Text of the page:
The record indicates that only the defendant Louis DeFabritis filed a motion for summary judgment. The judgment file, the court's memorandum of decision, and the appeal form filed by the plaintiff clearly indicate that judgment was rendered in favor of both defendants. If there were any dispute as to the propriety of the court's action in rendering judgment as to both defendants, the plaintiff had the burden of filing a motion to rectify pursuant to Practice Book 3052. See Kaplan v. Kaplan, 156 Conn. 387, 388 n. 1, 441 A.2d 629 (1982). That no rectification was considered necessary by the plaintiff is also evident from our examination of the court file which discloses none. Accordingly, we treat this case as it has been presented to us on the record before us as an appeal from a summary judgment in favor of both defendants.
Martin O'Reilly, who is not a party to this action, was the prospective seller of this property acting on behalf of the owner, Park Towers, Inc., as its president.
After the expiration of the option agreement, the plaintiff claims that the seller and his attorney, the defendant Louis A. DeFabritis, orally requested the plaintiff to continue his efforts regarding the sale of the property to Seaman. The plaintiff then arranged for a meeting which occurred on January 10, 1980, between the seller, DeFabritis, and Seaman. At this meeting the plaintiff was informed by O'Reilly that he had another potential buyer and that he would contact Seaman to renew the previous option in the event that the other buyer did not purchase the property. Subsequently, DeFabritis informed the plaintiff that an exclusive listing agreement to sell the property had been given to Allan R. Capellaro, a relative by marriage of DeFabritis, doing business as Capellaro Realty. The plaintiff claims that DeFabritis also informed him that if he wanted to receive any commission on the sale of the property to Seaman, he would have to contact Capellaro. Thereafter, the seller and Seaman entered into other option agreements for the sale of the property which did not recognize any broker as the procuring agent.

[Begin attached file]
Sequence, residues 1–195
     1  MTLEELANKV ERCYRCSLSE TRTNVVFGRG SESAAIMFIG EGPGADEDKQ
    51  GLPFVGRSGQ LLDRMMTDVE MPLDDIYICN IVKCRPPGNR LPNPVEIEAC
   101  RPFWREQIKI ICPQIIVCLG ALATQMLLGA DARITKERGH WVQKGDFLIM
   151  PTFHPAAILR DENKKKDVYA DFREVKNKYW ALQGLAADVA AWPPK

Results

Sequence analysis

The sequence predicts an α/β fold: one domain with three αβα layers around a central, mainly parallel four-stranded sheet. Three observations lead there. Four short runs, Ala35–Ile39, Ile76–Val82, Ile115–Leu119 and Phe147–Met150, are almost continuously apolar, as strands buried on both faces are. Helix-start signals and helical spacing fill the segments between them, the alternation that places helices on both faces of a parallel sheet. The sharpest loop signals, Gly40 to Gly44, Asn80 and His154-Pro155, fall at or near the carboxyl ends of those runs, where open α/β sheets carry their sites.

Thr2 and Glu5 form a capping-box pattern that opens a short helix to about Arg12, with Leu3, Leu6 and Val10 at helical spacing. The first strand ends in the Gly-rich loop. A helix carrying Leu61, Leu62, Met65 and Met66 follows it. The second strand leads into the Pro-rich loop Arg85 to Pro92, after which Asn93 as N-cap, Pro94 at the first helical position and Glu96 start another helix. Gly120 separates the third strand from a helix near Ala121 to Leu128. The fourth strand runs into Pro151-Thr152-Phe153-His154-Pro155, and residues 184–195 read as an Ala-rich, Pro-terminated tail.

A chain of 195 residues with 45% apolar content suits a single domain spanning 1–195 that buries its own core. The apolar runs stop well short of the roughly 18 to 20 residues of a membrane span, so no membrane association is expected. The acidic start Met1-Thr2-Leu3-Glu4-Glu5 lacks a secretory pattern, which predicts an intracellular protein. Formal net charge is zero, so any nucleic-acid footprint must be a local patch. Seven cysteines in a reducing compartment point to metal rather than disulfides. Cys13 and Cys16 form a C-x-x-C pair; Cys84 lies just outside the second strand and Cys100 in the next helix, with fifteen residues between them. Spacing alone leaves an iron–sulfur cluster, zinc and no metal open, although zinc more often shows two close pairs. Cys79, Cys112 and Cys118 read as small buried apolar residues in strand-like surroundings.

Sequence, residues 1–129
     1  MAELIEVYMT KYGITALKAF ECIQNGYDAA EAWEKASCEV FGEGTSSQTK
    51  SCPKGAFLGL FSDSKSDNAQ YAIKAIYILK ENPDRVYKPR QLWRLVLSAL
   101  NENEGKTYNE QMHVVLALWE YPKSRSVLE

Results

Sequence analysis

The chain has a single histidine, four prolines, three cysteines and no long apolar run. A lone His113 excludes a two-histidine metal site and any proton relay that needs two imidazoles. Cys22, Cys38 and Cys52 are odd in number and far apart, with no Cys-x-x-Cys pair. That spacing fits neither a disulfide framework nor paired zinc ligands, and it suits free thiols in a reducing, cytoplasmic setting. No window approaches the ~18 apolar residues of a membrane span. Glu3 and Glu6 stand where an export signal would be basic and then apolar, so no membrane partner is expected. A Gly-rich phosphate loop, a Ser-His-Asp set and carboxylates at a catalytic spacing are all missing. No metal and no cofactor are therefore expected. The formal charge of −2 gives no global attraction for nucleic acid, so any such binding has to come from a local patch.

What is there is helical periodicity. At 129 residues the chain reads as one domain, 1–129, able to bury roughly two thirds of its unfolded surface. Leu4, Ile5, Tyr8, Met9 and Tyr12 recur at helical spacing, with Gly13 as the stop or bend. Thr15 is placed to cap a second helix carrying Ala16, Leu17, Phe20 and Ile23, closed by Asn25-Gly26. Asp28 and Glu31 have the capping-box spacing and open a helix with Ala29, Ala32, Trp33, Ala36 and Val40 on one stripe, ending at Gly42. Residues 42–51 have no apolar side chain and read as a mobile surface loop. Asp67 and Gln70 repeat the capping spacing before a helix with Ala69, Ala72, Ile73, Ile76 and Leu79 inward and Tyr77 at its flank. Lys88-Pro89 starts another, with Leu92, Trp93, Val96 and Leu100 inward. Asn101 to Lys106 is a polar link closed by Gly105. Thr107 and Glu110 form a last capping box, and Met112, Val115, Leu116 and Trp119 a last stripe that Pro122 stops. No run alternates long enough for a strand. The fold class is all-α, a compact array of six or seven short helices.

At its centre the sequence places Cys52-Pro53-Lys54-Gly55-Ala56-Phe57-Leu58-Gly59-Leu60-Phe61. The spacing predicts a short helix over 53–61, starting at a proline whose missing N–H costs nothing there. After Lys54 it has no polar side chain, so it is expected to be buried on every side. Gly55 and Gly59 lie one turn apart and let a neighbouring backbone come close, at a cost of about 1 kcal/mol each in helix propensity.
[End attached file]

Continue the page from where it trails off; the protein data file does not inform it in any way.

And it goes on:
The listing agreement between the seller and Capellaro was entered into on December 13, 1979, the date on which it became effective.
In addition to the initial option agreement between the seller and Seaman, which recognized the plaintiff as the broker and was effective from June 7, 1979, to December 8, 1979 (including the extension), the record before us discloses at least two subsequent option agreements. The first was effective from January 22, 1980, to April 22, 1980, with a provision for extension to July 22, 1980, and the second was effective from July 16, 1980, to October 22, 1980.